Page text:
He calls God “God who has wronged me and caught me in his net,” in his own words (Job 19:6). He believes that God’s wrath against him has destroyed all he owns, including his life and belongings. Job feels abandoned and uprooted like a tree l His emotional health is in complete disarray, and he exudes an air of despondency. More of his words of defeat follow, but the chapter suddenly makes a significant and abrupt turn.

Job first pleads with his companions to show him mercy because God has severely punished him (Job 19:21). Then, in spite of their critical remarks and his awful circumstances, Job says something brilliant.

  • However, I am aware that my Redeemer is alive and will eventually stand atop the ashes. Even if my skin is destroyed, I will still be able to perceive God in my flesh. (Job 19:25-26)

In the face of challenging circumstances and individuals who were depressing him, persons who didn’t behave well as friends, Job declared his faith. Even though Job died in such a depressing manner, he had hope because he knew his Redeemer was still alive.

What did Job mean when he proclaimed in Job that “my redeemer lives”?

Because I am aware that my redeemer is alive and will appear on earth at a later time, Job 19:25–26 states, “And though worms consume this body after my skin, yet will I see God in my flesh.”

This verse appears to refer to God as the redeemer, to His coming to earth (perhaps in the form of incarnation or perhaps even in the form of victory), to the resurrection of the body, and even to the hope of eternal life, upon a cursory reading.

This view has a flaw in that it assumes knowledge of the whole of Christian truth, which is problematic. A poem cannot mean to us what it could not have meant to the original audience, according to the hermeneutical rule. It is truly astonishing, and it would appear that Job possessed wisdom well beyond his contemporaries and even later prophets, if this verse represents a complete description of Christian truth as eventually taught in the New Testament. It stands to reason that some would interpret these words as showing that certain Old Testament Christians, like Job, had a comprehensive understanding of what was to come.

We should challenge the conventional reading of Job’s remarks in Job 19:25 given that he appeared to be aware of several things that are rarely, if ever, mentioned even by later prophets. The translation of Job 19:25 either has some issues because the section contains some challenging terms, or the progressive character of biblical revelation has been altered.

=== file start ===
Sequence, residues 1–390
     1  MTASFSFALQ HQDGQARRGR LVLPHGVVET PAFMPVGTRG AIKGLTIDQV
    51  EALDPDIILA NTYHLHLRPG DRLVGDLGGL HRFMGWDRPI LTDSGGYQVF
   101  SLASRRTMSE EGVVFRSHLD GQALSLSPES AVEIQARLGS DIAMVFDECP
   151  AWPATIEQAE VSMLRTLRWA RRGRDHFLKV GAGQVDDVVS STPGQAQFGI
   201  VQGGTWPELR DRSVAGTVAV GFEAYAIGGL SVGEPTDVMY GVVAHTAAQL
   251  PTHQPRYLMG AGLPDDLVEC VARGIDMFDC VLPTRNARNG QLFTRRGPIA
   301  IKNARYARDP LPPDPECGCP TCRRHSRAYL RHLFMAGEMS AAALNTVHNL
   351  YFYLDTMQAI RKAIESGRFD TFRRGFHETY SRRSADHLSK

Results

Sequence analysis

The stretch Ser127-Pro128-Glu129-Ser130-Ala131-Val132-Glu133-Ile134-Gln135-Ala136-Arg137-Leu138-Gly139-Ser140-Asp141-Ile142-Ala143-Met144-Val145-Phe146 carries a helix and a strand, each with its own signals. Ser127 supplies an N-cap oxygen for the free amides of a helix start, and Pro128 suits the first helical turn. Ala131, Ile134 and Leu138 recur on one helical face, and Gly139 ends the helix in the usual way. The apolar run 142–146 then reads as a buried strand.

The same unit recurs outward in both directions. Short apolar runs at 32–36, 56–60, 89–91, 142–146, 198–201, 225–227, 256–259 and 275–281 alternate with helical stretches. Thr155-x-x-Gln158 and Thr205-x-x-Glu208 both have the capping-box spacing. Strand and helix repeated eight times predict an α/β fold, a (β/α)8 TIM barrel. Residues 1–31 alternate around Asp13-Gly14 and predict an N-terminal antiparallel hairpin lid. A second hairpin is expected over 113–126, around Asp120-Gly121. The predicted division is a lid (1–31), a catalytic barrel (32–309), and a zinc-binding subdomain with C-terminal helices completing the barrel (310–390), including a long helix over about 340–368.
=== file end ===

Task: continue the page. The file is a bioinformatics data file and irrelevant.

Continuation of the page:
I am aware that my acquitter is still alive and that, eventually, he will stand over my grave. And after I awake, I will see God separate from my flesh even if my body has been annihilated.

Job’s associates have been accusing him of some major wrongdoing that has prompted God to turn against him at this point in the book of Job. Job expresses his faith in the help of a “kinsman-redeemer” (a term also used for Boaz in the book of Ruth). It is unknown who this kinsman-redeemer is, but it is doubtful that Job could have anyone other than God in mind. God will testify on Job’s behalf in front of his accusing friends. As a result, although Christians looking back can undoubtedly discern the roots of that theology in Job, the idea of a “redeemer” in this context does not have full Christian theology imbedded in it.

Job also expresses faith in God’s coming to defend him and for him to stand “on the dust,” “on the ground,” or “on the grave.” Depending on the context, the Hebrew term used here could refer to any of the three. If the word is translated as “grave,” Job anticipates justice after passing away. If “dust” is favored, it might imply that God will confront him in this life when he is lying in pain on the actual dust heap.

The next challenging word is “destruction.” It’s not a given that the Hebrew word means death. If “complete annihilation” is what Job has in mind, then death would be the term. If he means “damaging” or “marring,” it may simply signify that Job expects to be vindicated after the bodily suffering he is experiencing has done the worst of its damage. The word makes no distinction between life and death. The outcome of an accurate translation is uncertain.

The next challenging word is “in my flesh.” It literally means “from my flesh”, which can be translated as either “aside from my flesh” or “from within my flesh,” i.e., nearly the opposite of each other. However, neither this particular paragraph nor the rest of the book make it clear that Job anticipates a physical resurrection. Job’s hope is “I will see God,” whether it is in his body (in this life) or not (in the hereafter).

In conclusion, Job expresses confidence in verse 25 that God will manifest and defend him against the accusations made against him by his friends. In verse 26, Job expresses his certainty that he shall see God, and in verse 27, he elaborates on this belief. At the end of the book, Job does indeed see God and receives justice.

Many Christians have used Job 19:25–26 to teach the correct doctrines, which is a typical example of quoting the appropriate verses incorrectly. The New Testament reveals the entire significance of God as our kinsman-redeemer, as well as the promise of ultimate justification after death and the resurrection body (see Romans 8:18–39 and 1 Corinthians 15:42–58).

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  1. […] Jesus, the Lamb of God, was our final sacrifice and satisfied God’s requirement for a blood offering. He was the ideal act of love sacrifice that offered the chance for world change to continue forever. Jesus was a perfect offering of holiness and cleanliness, hence the reference to him as the “Lamb” of God. He was innocent despite being a man and did nothing apart from the Father. ALSO READ My Redeemer Liveth […]